When leaders of the nation’s biggest economies gathered at the presidential retreat of Camp David last year, European elections had rattled the continent with a rejection of austerity measures. President Barack Obama was himself seeking re-election. The sense of urgency was palpable as Obama made an emphatic pitch for Europe’s powers to focus more on economic growth.
These days, as Obama prepares for another summit of the Group of Eight industrial nations next week, the furor has died down. Financial tensions in Europe have eased, high-debt nations have been given more time to work on their fiscal cuts, and even the language has changed from “austerity” to “growth-oriented structural reforms.”
“The context of that discussion has changed a lot over the past year,” said Caroline Atkinson, a senior White House international economics adviser.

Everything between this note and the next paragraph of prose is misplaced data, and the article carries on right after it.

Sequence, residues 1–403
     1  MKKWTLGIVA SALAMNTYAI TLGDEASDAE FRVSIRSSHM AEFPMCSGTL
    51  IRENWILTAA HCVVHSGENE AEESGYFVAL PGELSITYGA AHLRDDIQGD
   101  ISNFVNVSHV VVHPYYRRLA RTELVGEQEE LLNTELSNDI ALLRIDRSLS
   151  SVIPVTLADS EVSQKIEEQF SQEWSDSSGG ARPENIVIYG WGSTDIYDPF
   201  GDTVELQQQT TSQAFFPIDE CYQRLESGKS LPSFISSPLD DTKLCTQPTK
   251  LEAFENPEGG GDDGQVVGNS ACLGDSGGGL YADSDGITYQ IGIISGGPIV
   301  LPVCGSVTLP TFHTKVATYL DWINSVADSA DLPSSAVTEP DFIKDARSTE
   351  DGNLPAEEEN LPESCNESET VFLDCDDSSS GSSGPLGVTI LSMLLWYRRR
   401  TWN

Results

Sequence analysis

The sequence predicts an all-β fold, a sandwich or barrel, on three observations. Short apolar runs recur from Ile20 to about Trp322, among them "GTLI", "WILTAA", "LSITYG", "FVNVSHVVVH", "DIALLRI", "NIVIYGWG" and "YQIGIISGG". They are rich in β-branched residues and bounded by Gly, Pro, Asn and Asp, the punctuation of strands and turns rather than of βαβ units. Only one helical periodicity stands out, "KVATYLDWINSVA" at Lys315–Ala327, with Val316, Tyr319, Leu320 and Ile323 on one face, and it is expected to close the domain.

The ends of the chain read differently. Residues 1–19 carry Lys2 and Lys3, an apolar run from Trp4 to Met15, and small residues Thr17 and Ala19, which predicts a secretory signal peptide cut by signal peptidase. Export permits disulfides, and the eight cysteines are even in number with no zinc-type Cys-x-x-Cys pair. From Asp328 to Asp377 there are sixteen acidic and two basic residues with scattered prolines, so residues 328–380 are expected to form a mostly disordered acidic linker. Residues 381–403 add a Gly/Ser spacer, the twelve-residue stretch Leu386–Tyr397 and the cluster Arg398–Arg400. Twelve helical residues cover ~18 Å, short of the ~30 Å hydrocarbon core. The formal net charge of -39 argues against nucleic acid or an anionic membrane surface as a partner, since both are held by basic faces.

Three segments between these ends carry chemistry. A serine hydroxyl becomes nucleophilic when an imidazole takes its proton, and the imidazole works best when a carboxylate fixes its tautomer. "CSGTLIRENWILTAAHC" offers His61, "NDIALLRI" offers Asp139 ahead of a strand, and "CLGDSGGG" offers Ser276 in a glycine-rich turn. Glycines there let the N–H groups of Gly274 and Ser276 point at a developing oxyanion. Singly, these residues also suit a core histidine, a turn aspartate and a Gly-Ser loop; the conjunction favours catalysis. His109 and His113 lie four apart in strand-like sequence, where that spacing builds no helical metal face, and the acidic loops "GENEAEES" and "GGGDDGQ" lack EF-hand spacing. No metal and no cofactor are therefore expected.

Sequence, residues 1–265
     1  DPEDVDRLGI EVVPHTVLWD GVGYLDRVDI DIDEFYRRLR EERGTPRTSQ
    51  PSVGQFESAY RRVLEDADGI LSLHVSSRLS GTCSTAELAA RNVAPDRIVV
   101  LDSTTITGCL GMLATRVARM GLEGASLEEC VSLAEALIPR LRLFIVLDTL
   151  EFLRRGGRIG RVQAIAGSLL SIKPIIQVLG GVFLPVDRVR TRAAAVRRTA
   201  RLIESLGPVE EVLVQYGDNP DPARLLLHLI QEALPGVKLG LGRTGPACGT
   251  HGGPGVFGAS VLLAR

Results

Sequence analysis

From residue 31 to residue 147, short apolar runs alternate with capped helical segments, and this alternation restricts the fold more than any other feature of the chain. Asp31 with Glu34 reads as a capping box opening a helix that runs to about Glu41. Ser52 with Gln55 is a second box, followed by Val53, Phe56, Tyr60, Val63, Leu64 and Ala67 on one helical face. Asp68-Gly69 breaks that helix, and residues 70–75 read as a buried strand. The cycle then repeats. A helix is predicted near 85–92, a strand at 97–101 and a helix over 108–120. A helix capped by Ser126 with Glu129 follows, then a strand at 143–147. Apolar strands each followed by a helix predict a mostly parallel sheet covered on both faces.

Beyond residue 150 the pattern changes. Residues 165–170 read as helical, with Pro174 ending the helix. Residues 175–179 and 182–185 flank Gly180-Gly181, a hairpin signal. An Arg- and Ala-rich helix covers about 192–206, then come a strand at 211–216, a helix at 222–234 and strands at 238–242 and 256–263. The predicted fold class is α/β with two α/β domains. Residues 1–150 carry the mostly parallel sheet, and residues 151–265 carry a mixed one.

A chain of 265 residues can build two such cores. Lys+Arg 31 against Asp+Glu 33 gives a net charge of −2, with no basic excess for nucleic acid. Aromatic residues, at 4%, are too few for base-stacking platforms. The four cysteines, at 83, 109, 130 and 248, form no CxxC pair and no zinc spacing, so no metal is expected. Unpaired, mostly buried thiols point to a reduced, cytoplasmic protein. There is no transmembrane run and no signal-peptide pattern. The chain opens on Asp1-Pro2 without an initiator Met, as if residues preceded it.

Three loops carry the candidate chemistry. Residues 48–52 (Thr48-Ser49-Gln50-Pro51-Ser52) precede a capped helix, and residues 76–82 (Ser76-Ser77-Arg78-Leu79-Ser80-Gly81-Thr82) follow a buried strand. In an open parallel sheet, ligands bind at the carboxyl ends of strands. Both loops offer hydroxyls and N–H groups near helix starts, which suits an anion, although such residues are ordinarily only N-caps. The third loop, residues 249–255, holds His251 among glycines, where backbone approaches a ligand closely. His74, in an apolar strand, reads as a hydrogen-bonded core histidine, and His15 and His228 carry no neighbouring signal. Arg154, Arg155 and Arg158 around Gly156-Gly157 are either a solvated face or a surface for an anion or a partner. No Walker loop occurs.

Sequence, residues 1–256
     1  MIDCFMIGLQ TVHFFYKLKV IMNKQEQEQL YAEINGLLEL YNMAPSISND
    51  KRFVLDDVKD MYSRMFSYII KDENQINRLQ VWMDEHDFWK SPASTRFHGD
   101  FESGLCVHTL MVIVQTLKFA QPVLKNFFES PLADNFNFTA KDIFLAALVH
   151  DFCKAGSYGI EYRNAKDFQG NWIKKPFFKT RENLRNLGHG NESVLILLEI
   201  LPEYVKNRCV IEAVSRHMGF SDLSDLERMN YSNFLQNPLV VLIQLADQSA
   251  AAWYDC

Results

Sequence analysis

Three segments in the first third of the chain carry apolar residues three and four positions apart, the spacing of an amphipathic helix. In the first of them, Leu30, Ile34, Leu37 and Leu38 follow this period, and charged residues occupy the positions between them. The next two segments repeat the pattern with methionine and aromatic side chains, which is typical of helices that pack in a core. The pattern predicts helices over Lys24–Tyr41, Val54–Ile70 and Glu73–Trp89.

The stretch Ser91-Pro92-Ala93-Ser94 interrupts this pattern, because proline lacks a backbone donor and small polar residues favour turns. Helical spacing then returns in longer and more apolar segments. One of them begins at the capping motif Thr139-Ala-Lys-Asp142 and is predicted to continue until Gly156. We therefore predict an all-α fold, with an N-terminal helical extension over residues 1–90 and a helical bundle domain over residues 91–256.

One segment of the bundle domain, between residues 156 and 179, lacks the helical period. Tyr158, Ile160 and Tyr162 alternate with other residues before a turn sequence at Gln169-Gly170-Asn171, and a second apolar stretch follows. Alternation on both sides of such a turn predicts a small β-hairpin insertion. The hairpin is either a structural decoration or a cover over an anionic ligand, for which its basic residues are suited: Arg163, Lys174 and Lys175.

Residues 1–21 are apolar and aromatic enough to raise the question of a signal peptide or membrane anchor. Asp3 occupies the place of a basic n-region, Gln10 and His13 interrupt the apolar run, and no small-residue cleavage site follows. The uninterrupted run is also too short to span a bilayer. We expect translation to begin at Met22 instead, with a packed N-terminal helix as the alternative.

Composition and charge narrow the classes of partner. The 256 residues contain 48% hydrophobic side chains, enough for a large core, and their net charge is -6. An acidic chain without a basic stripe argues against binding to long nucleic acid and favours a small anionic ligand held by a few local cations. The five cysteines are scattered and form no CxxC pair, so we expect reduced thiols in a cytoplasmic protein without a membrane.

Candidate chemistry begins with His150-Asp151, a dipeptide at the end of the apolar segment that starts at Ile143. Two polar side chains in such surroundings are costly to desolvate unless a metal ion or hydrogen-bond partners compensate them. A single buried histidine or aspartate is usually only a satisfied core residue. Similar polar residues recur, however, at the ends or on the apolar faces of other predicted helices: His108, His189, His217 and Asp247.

Still, much of the eurozone remains mired in or near recession. Obama’s appeals have had mixed results in softening the demands on some of the most debt-ridden European nations to cut their spending. While the U.S. still wants Europe to temper the debt trimming and increase global demand, Obama is not expected to be as insistent with other G-8 leaders.
Moreover, Obama arrives at the G-8 with Syria foremost on his mind. His decision to authorize lethal aid to Syrian rebels inevitably will be front and center during the summit, complicated by the attendance of Russian President Vladimir Putin, one of Syrian President Bashar Assad’s most- powerful backers.
Obama is scheduled to arrive in Northern Ireland on Monday. The global economy will be the topic of the first meeting with G-8 leaders at the summit site, followed by a one-on-one meeting with Putin.
On the economic front, the G-8 leaders were also to discuss trade and corporate tax avoidance, two topics that, while prominent, were not expected to result in major announcements.